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Deforestation in the Amazon Rain Forest - Research Paper Example

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Deforestation in Amazon Rain Forest Introduction The Amazon Rainforest is the largest remaining rainforest on this planet. It is the home of over 20 million indigenous people, most of who have not been contacted by the outside world, and it provides shelter to thousands of different animal species, most of which are still unknown to the world (Rice, p…
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Deforestation in the Amazon Rain Forest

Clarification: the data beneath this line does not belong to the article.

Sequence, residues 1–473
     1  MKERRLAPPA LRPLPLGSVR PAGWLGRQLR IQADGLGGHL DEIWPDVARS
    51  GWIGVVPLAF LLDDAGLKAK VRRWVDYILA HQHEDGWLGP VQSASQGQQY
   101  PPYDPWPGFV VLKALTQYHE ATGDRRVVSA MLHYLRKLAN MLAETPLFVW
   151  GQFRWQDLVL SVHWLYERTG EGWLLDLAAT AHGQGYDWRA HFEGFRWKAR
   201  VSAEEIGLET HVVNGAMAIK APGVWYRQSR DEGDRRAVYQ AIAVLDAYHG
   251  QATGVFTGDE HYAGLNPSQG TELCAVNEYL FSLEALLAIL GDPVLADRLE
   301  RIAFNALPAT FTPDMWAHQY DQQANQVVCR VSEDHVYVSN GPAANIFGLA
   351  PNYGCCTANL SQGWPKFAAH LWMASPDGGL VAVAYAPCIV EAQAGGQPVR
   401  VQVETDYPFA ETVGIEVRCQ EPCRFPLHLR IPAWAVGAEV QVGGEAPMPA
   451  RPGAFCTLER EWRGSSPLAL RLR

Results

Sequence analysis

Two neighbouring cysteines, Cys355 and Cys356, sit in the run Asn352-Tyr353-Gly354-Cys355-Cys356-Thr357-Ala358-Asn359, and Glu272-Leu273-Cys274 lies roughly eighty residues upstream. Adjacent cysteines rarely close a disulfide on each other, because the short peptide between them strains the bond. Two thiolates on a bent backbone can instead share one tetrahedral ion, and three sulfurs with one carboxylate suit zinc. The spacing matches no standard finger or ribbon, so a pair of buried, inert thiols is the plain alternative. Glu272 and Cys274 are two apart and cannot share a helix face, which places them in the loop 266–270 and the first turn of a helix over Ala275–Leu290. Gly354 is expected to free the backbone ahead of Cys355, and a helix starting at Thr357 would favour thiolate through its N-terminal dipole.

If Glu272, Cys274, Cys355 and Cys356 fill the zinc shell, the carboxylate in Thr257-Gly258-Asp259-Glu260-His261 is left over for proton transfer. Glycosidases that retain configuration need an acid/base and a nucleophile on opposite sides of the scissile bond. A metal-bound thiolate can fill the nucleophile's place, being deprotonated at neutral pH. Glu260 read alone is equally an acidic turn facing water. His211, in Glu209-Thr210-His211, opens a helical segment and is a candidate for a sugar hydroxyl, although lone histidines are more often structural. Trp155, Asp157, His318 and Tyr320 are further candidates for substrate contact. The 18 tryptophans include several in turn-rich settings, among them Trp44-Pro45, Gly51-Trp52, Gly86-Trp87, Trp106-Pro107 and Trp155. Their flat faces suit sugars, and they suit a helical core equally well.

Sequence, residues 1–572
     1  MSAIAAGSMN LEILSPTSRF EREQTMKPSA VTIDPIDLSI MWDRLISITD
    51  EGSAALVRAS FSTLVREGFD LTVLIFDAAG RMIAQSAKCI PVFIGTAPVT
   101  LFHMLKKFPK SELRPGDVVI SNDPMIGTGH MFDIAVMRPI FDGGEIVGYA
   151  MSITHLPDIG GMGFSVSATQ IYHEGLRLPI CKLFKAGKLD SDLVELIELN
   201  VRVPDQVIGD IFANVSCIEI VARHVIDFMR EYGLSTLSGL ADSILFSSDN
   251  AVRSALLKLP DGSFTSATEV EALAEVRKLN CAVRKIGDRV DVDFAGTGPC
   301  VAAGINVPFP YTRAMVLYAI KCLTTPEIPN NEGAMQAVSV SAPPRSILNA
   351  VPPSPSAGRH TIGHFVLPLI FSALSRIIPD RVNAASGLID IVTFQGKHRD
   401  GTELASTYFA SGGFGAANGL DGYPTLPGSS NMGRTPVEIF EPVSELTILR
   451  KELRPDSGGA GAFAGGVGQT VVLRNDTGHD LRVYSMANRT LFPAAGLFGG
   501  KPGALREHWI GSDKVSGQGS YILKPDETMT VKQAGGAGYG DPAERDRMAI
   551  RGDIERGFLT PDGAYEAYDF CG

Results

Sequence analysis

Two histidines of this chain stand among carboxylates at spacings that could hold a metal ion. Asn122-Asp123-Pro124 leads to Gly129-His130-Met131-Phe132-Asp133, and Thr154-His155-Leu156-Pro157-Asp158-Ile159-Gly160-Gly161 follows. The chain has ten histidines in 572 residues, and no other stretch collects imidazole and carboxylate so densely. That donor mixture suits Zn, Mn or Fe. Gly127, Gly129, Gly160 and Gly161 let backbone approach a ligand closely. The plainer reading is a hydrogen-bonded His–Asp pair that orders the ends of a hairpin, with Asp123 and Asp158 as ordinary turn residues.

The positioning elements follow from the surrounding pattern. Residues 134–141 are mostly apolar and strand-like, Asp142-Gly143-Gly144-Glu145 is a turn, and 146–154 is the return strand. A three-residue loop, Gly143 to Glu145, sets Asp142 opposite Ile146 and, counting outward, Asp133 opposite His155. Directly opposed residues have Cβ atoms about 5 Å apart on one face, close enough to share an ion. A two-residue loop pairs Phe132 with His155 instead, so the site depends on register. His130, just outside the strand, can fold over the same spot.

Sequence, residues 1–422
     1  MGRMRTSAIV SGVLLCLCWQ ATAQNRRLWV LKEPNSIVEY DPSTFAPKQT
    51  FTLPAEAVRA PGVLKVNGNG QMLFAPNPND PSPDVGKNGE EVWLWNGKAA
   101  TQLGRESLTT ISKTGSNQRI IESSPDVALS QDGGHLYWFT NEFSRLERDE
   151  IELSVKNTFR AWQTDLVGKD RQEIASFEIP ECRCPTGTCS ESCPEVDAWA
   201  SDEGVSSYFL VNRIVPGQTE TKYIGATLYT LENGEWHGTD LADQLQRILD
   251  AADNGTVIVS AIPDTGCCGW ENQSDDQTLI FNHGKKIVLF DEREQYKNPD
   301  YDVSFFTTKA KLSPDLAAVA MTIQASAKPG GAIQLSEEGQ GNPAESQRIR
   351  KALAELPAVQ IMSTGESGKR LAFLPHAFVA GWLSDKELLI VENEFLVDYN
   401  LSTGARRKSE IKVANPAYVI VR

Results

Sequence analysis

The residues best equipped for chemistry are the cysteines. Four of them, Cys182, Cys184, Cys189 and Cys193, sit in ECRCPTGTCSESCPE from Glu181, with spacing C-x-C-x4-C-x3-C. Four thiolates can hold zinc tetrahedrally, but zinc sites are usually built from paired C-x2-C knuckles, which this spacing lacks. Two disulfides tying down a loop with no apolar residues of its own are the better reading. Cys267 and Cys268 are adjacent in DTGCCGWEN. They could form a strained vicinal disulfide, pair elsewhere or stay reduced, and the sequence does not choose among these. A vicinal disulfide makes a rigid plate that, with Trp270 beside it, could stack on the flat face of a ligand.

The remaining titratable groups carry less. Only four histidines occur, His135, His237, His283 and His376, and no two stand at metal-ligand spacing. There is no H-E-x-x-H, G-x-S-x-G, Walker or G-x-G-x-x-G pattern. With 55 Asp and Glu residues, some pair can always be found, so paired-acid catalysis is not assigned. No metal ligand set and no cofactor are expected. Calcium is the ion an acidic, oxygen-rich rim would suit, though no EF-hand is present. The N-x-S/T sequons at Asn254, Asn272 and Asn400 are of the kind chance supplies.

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Download file to see previous pages The majority of the rainforest, just over 60 percent, is within Brazil, and the rest of the rainforest falls within the territory of countries such as Peru, Colombia, Venezuela, Ecuador, Bolivia and others (Senna, Costa, & Pires, p. 14). Rainforests once covered over 14 percent of the earth’s surface; however, the same percentage has now decreased to almost 6 percent and the most significant chunk of this deforestation has taken place in the biggest rain forest of Amazon. The deforestation of Amazon Rainforest is perhaps, the most significant concern for green movements, environmental activists, experts, governments, NGOs and various other stakeholders. Human activity and demand in the region has already destroyed a significant portion of rainforest and caused immeasurable damage to the animal species, ecosystem, and the current and future human generations (Rice, p. 25). This paper is an attempt to explore the dynamics of deforestation in the Amazon Rainforest and most importantly, its impact on the soil with respect to soil degradation, soil erosion, and soil leaching. Discussion Prior to the second half of the 20th century, the access to the interior of the rainforest was highly restricted and in the absence of roads, railways and others forms of communication, it was almost irrational to conduct mass deforestation of the Amazon for any purposes (Marshall & Watson, p. 327). The costs of transportation were so high that people did not see deforestation as a profitable venture. However, during the 1960s, many farmers initiated deforestation with the slash and burn method for agricultural purposes. With the creation of roads and railways for transportation and the increasing demand for natural resources, deforestation of the Amazon began at massive rates. The rise on population and the aspirations to become a modern economy further increased the demand for wood and wood products and thus, year after year, rates of deforestation kept increasing. For many years, deforestation within Brazil did not catch the attention of the policymakers of the country as a significant environmental issue because they had evidence to believe that there is a strong link between deforestation and economic growth within the country (Senna, Costa & Pires, p. 14). During the period of 1988-1991, the figures revealed a strong correlation between the slowing down of the economic growth and the decline in the deforestation of the Amazon forest. This correlation was validated by the figures of the period of 1993-1998, when the boom in the economic growth appeared to parallel the increase in deforestation activity of Amazon. Many experts even started claiming this link is not merely a correlation but causation. More importantly, it is a unidirectional causation where deforestation activity within Brazil is causing economic growth and; therefore, it was indispensable (Gabler, Petersen, & Trapasso, p. 89). However, by the mid 2000s, it became apparent to the policymakers and the public that the link between deforestation and economic growth is not a significant one. Since then, there has been a significant decline in the deforestation of Amazon. In fact, the rate of deforestation of Amazon in the year 2011 was the lowest during the past couple of decades. Experts believe that many factors have caused this decline. First, during ...Download file to see next pagesRead More
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